Inspiration in Rudimentary Things (2011)
Alban Martínez Gueyraud
Art critic, member of AICA
The Argentine artist Alexis Yebra (Buenos Aires City, 1967) presents, in the Fábrica gallery, his first solo exhibition in our country, entitled Series Subway Asunción. It consists in a group of medium-sized recent paintings. Yebra, who developed most of his creative language from the province of Mendoza, belongs to a new generation of Argentine abstract painters whose work is especially cosmopolitan, and one which explores the expressive possibility of certain minimal resources, simultaneously drawing from the history of Western and Oriental art in order to rediscover relegated attempts.
Yebra’s work has been crafted from a small number of rhetorical elements: colour, composition and gesture, presented at the same time in a very simple manner. He does not resort, therefore, to certain achievements of modernity -and postmodernity- to offer us conclusive images, but rather he attains poetic figures whose frailty renders them precisely more powerful. His language is not dogmatic, but entirely experimental, full of pauses and with the appearance of a discourse crafted from fragments. Characteristic of the medium, his resources tell us of the finesse of the painting, but also of its incredible power, leaning into spaces that are purely trascendental.
In the series displayed in this exhibition, three significant characteristics can be perceived, which, for the sake of interpretative approximation, are worth reflecting upon. The first is that the paintings were made in Asunción. It is not a work conceived of and carried out somewhere else, but entirely crafted here. It might be supposed, on a first reasoning, that these pieces speak of the relationship between the artist and his time in this city.
With his formless treatments -symbolic, almost mystical even- of the space of experience, the painter suggests his relationship with Asunción, and through them allows us to recognise that the images of the underground urban world belong as well to the essential qualities that distinguish this series. Therefore, the matter in his paintings reflects a historical and cultural time, not a natural one. The matter we see forms part, likewise, of the concrete matter of everyday life, of the rudimentary things, the ones we encounter in our strolls around Asunción: the papers we stick, tear and dispose of, the automatic writings, the painting and repainting of the streets we walk. Yebra seeks to mediate between this city and us, makes us reflect on the real impossible that inhabits it, proposes that we re-walk it psychically, implies the superior reality of the hereafter, but meanwhile, brings us closer to here.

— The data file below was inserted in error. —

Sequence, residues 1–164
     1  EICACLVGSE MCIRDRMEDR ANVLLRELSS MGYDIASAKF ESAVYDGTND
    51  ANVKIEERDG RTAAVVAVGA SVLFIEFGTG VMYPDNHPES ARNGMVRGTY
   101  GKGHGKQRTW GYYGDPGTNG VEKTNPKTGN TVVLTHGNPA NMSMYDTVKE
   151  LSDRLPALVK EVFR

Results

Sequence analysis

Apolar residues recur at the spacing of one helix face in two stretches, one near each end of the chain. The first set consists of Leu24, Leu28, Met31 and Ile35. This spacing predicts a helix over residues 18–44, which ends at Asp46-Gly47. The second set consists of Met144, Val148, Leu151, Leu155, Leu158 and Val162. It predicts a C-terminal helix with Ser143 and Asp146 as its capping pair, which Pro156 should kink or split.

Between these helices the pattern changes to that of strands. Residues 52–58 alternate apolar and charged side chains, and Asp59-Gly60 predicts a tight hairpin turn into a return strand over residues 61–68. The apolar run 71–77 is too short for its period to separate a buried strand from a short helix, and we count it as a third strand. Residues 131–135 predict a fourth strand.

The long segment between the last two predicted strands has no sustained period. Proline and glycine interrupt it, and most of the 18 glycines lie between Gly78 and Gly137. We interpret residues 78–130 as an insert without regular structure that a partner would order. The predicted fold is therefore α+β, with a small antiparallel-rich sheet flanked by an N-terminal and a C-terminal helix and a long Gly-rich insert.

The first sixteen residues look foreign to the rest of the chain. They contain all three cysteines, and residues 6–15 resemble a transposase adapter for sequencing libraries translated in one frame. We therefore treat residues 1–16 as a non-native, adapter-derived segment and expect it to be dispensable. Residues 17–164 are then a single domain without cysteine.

A second explanatory aspect would revolve around the fact that his work vests something that resembles certain mediums of Japanese poetic expression and, thus, Zen Buddhism. Each piece shows the technique clearly, manifesting the subtle imperfections of not only its components and of the artisanal process, but also of the gestures of the artist’s hand. Strokes, blotches, stampings, collages, different textures: all these details of the gesture become the core of his work and, like Oriental poems, possess all the integrity, the plethora, the hollowness typical of a drop of water.
In the Japanese verses, it would seem that things are unable to express or trigger thought about more than what they are in themselves. Drawing an analogy, we might say that on contemplating a painting by Yebra, there would not be complex readings to discover beyond the piece itself, outside the subtlety of its shapes, the austerity of its colours, and the honesty in the use of the materials. The simplicity with which this artist recreates in its painting the details of the gesture would not cover up a meaning different from the gesture in itself.
The third hermeneutical attribute would lie in the fact that, thanks to the contemplation in the own process of creation, his works turn out intimate, serene and inwards-oriented. The work of Yebra abandons the myth of painting as a visual representation of reality to leap into a search of revelation for the mundane light and density of matter. He succeeds in infusing onto the inanimate surface an intense radiance and a large capacity for evocation. Even though it is a sensory reality, a spiritual aura engulfs, as if it were something evident, each of his works.
In fact, when he finds inspiration, Yebra does so through meditation, with the certainty that the revelation reaches his understanding in the material and chromatic encarnation that the art of painting makes possible. Meditation is the time of penumbra, of the encounter with the distorted images of reality, of fantasy, but it also offers a path leading to the transformation of understanding and of the soul, since meditation understands the journey through life as a journey of complete conversion. For that, it is necessary to alter the world’s values and place on earth what is celestial; ultimately, the inner pronunciation of our spirits.
Asunción, July 2011